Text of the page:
Meta Shares Plummet: Here’s Why Investors Should Avoid It

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Tim Phillips

October 28, 2022

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Investors in Big Tech stocks this year have been disappointed as large companies across the board have seen their share prices fall, along with the S&P 500 Index.

No doubt a lot of us here in Singapore have exposure to US Big Tech stocks, either directly or indirectly through exchange-traded funds (ETFs).

However, in this current earnings season, and throughout 2022, the one Big Tech company that has stood out is Meta Platforms Inc (NASDAQ: META).

But it’s been for all the wrong reasons. That’s mainly down to the fact that the “Metaverse” is being sold as the future of the company.

Problem is, for shareholders at least, Meta’s Reality Labs division is bleeding cash right now. That, along with a host of other issues, has seen Meta’s share price crater by 71% so far in 2022.

So, what should investors know about Meta’s latest earnings? Here’s a quick breakdown and why I think long-term investors should continue to avoid the shares.

Burning through cash while sales stagnant

In 10 years’ time, Meta CEO Mark Zuckerberg may come out looking like a tech genius for overseeing a successful transition to the Metaverse for his company.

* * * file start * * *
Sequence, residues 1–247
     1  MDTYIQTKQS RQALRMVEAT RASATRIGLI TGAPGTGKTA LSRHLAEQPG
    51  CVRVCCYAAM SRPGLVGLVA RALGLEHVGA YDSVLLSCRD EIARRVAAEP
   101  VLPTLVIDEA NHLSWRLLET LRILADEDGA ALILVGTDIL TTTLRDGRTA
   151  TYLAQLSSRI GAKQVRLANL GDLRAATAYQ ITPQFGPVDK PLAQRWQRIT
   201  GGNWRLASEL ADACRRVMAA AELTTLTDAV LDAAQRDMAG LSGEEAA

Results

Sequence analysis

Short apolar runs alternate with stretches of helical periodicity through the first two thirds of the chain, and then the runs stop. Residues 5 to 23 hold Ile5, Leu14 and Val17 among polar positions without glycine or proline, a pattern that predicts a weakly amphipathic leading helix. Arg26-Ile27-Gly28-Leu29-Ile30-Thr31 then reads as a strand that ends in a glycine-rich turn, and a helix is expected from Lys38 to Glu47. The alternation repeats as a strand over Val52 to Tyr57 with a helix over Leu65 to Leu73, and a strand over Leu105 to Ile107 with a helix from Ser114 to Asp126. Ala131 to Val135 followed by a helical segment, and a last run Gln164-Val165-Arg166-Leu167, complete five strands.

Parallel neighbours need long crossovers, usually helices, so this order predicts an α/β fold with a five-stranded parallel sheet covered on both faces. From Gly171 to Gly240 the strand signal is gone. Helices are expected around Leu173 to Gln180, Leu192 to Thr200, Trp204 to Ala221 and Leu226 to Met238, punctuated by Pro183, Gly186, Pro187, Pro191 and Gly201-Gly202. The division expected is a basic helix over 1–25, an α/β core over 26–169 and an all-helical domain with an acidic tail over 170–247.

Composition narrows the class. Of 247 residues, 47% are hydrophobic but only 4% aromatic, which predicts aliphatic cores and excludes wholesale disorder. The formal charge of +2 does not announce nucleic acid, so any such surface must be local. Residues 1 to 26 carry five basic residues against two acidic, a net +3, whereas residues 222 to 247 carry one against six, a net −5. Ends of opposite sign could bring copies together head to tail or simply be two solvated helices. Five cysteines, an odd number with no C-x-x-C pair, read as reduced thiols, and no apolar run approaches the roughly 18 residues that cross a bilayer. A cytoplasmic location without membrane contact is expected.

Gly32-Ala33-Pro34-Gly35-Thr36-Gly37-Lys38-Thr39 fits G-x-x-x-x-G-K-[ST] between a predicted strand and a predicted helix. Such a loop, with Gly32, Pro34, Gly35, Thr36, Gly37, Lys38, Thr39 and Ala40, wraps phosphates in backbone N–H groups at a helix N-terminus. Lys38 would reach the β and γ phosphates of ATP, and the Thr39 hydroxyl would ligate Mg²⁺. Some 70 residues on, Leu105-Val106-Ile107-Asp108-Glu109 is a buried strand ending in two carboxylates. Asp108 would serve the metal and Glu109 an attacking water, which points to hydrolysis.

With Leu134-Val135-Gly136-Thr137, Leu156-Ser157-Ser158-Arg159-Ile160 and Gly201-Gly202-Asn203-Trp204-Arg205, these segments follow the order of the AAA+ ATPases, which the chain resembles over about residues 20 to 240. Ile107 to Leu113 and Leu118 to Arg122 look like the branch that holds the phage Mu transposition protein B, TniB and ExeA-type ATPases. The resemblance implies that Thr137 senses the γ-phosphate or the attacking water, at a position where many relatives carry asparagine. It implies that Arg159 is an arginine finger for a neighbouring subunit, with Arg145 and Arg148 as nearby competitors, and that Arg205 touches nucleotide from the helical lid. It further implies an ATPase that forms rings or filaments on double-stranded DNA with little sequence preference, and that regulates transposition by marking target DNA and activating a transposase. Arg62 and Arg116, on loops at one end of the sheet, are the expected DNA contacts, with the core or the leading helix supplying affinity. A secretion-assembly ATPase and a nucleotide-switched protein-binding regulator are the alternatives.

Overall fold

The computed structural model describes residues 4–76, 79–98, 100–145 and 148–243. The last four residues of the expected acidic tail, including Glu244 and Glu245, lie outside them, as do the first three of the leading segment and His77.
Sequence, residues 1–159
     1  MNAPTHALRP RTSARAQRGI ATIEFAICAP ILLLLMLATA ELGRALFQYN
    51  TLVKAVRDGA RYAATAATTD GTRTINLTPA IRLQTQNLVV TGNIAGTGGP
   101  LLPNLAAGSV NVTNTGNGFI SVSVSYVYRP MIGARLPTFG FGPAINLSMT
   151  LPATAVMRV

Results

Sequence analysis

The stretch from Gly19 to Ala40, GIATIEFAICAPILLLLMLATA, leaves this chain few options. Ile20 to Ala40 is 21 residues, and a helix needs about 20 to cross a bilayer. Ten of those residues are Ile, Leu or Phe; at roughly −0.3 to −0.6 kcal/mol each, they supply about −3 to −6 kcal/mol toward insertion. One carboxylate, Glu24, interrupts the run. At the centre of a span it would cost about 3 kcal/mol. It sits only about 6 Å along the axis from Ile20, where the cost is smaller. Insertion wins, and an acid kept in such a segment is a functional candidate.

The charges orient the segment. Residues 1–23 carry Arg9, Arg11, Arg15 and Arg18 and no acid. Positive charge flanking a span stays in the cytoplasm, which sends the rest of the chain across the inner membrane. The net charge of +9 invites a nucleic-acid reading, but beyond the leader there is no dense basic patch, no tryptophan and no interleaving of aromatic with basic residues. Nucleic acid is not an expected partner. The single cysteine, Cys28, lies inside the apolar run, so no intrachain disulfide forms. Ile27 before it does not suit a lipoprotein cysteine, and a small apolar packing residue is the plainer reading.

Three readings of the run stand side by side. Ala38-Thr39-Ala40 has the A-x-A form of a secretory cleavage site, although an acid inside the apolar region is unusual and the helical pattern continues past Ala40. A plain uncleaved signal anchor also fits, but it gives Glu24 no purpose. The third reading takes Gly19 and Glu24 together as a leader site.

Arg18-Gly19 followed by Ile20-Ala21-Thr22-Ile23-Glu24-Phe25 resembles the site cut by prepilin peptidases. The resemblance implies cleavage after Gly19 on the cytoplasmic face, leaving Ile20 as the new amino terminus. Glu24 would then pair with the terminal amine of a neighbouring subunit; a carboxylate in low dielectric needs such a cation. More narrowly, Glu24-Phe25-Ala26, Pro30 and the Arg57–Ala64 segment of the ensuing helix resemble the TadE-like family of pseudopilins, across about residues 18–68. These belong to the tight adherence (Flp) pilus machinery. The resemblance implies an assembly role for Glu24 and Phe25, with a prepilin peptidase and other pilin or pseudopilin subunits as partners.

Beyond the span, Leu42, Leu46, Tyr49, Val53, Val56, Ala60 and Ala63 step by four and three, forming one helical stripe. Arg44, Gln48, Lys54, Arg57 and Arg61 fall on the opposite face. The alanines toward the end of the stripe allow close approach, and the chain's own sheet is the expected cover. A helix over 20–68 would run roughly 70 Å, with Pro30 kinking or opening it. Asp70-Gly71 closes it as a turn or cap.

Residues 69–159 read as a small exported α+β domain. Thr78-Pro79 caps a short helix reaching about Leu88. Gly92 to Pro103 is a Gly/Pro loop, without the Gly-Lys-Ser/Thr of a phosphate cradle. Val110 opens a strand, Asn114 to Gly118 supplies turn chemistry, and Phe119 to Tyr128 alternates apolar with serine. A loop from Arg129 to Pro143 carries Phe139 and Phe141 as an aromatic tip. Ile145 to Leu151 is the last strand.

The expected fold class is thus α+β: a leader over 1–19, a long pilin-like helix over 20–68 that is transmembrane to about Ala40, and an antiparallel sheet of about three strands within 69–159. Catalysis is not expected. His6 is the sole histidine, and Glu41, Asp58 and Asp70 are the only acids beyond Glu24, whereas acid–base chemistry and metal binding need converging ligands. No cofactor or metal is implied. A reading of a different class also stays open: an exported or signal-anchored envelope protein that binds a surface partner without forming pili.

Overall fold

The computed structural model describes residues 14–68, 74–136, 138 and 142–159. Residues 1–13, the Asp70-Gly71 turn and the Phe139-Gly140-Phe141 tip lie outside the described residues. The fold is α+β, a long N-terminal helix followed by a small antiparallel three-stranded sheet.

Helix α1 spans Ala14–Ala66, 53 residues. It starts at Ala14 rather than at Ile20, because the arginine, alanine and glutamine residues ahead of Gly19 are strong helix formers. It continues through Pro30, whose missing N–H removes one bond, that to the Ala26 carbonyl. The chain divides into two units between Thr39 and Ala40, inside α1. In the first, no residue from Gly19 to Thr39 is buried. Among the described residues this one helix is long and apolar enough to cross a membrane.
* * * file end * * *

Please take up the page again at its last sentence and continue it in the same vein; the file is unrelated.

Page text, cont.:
Alternatively, he could also be responsible for torching substantial shareholder value on nothing more than a pipedream.

The reality is, no one knows with any certainty where Meta will end up. However, the numbers in its latest quarter don’t bode well.

Meta saw revenue of US$27.2 billion, down 4% year-on-year (but up 2% in constant currency terms). What spooked investors the most, though – leading to its share price falling 25% yesterday – was its spending plans.

The company had already forecast total expenses for this year to be in the range of US$85-87 billion. For 2023, management said that:

“We anticipate our full-year 2023 total expenses will be in the range of US$96-101 billion.”

That came in way ahead of consensus expectations and, at the midpoint of the range, would be a 15% increase from expenses this year.

Spending plans matter and the extraordinary percentages that expenses are eating up – as a percentage of total sales – is starting to become clear (see below).

Meta expenses Q3 2022

Source: Meta Platforms Q3 2022 earnings presentation

Against that 2023 spending forecast, investors should also remember that Meta posted just shy of US$115 billion in revenue over the whole of 2021.

Margins continue to fall

One of the big things that investors have been focused on this earnings season, regardless of which company is reporting, has been margins.

For Meta, margins look ugly. With increased investment and spending being ramped up – despite an economic slowdown – Meta’s operating margin has progressively deteriorated over the past seven quarters.

Having been as high as 43% in Q2 2021, Meta’s operating margin was just 20% in its latest quarter (see below).

Meta revenue margins Q3 2022

Source: Meta Platforms Q3 2022 earnings presentation

Weak guidance from Meta – another “no-no” for the market right now – also led to concerns mounting that its core ad business is facing severe headwinds.